Interesting, enjoable and insightful the authors manage to bring out the most positive (useful) side of economics i've seen for years. The things theyInteresting, enjoable and insightful the authors manage to bring out the most positive (useful) side of economics i've seen for years. The things they wrote about might not be the most important single items for our world, but the behind the story looks this book lets its readers have surely will improve the ability to look at other items too or at least not to cling too hard/close to the "common knowledge" of the masses.
Definitely worth the read and a look at the second book of the series....more
Well, that was a split experience... on the one hand it IS the wonderful tale i've loved for so long as seen in the movie, on the other hand Goldman fWell, that was a split experience... on the one hand it IS the wonderful tale i've loved for so long as seen in the movie, on the other hand Goldman felt the need to blow this story up with a - in my eyes - absolutely unbelieveable frame story that did the "real" content of the work not much good but probably cost the author a lot of effort while writing, work that would have been better invested to fleshing out the fantasy world he created here a bit more...
The best example is the afterword or annex or however you want to call the additional part at the end of this "30th anniversary special edition" where the story about how he travelled to Steven Kings House to get the allowance for abridging "Buttercup's baby" is in no way equal to the suspence, brilliance and joy he put into the "sample chapter" also included.
It might be a nice example of an artificial backgroundstory for a book, but it is a lesser novel than it could have been without. My rating clearly is "liked the Westley and Buttercup Story VERY VERY much and did not like the William Goldman Story at all". But as the book is comprised of both this storys there can be no better rating for me....more
The older i become, the more annoyed i get by empty words, spun to enlargen stories that the author feels are not great enough by themselves. FahrenheThe older i become, the more annoyed i get by empty words, spun to enlargen stories that the author feels are not great enough by themselves. Fahrenheit 451 would be a really larger than life story in every way, even if the text would have been held in the simplest prose imaginable. Alas, Mr Bradbury felt compelled to write poetry and fill his ideas up with large and heavy sentences that try to cage down all that is good and brilliant with the story itself.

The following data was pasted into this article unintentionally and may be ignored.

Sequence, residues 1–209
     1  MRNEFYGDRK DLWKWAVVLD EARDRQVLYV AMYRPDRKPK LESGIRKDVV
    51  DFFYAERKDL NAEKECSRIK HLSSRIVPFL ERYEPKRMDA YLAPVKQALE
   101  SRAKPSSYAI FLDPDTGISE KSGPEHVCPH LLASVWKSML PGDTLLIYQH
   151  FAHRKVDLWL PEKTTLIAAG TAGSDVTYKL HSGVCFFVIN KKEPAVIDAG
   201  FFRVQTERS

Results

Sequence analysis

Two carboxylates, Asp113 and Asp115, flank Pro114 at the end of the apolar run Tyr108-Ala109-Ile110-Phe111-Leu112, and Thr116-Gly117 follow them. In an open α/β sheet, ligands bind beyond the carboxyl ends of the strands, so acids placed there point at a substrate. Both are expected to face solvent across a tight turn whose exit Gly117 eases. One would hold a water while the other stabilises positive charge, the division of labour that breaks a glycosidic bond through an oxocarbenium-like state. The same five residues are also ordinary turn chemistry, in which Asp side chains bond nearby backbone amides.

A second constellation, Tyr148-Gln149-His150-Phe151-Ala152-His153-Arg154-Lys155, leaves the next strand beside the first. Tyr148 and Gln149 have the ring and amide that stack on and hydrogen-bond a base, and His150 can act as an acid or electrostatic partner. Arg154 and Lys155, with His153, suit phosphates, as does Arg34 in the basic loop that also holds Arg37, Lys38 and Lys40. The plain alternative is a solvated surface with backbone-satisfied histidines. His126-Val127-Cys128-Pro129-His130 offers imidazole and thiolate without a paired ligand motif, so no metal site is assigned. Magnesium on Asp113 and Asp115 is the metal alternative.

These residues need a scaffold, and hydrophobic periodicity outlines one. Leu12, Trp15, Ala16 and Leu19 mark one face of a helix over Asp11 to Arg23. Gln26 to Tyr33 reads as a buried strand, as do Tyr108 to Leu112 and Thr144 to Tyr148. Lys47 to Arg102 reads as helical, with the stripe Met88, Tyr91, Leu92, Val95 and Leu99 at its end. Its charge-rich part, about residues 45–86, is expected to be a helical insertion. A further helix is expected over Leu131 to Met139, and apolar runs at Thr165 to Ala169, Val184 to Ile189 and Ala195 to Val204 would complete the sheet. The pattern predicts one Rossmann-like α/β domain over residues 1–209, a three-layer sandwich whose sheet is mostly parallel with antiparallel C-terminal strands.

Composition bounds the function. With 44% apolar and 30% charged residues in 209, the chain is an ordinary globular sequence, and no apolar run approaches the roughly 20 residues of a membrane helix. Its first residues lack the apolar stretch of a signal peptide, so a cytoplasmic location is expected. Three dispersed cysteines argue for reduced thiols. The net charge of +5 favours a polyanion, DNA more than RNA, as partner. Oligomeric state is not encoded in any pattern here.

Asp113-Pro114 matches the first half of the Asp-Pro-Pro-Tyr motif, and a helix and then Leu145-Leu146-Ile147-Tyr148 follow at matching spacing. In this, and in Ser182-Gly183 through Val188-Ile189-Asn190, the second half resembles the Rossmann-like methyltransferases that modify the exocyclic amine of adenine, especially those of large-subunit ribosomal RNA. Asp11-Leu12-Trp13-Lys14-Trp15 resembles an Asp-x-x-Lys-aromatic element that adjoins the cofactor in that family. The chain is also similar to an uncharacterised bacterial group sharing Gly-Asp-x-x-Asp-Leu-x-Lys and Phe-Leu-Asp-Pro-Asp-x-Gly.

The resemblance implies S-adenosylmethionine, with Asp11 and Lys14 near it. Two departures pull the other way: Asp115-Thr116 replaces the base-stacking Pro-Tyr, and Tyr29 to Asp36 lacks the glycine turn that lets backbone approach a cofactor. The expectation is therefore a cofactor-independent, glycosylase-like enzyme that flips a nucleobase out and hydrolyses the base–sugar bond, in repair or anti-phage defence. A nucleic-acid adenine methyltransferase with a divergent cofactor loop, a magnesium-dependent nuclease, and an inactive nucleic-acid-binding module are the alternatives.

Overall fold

I might have enjoyed the words, if not the narrative had seemed halfway lost between these paramount word ranges and in every case i love the story, but would have loved it by far more, if Guy Montag would have kept to just his own inner voice (in the last third his manner of speaking, of thinking, of hampering with words seemed to have changed and IMO for the better) instead of trying to be his own Romeo or Othello and drowning the fledling plant of freedom of thought in this overpathetic stage-worthy rhetorics.
Other than that there's not much to say. It's one of the classic Dystopic fictiosn of our age and the train of thoughts leading to this dystopian society is disturbingly imaginable or even probable, even if the ultimate consequence does not seem as logical as the characters take them to be. But then... reality doesn't seem to be logical all the time either.
Whatever it may be, it's a great book, that suffers a little bit between the disparity of characters and characterization but in every case more than recommendable, simply one of the must-reads in the modern (Science) Fiction!...more
An interesting twist on the usual "coming-of-age" or educational narrative. Maybe Card is a bit weak on the side of real strategies or combat descriptAn interesting twist on the usual "coming-of-age" or educational narrative. Maybe Card is a bit weak on the side of real strategies or combat descriptions, but then his protagonist is a very young boy and most of the story is told from his perspective so let's call it appropriate to the perspective.
I would not be surprised if nobody ever was outsmarted by the big story "twist" at the height of the narration, but then it's not really the climax when you know all of the story so the trick is rather a distraction than really a revelation of secret facts. And that's what really made me love this book, it only seems to be very straightforward, but then there are layers upon layers of interwoven stories and none of them is truly straightforward...
Originally i wasn't going to read all the books from this series, but Ender's Game made me reconsider this decision and i'll probably give at least the second part a try....more
Maybe not the funniest story from the disk, but surely the most convincing in matters of "police procedural" and a treasure trove of cross referencesMaybe not the funniest story from the disk, but surely the most convincing in matters of "police procedural" and a treasure trove of cross references and wordplays. I liked especially how Thud! the game became more and more important for the plot and the understanding of what's going on. The only truly sad point is that Lord Vetinari was close to being unrecognisable. otoh we get more interesting watch characters and Sam Vimes at his best!...more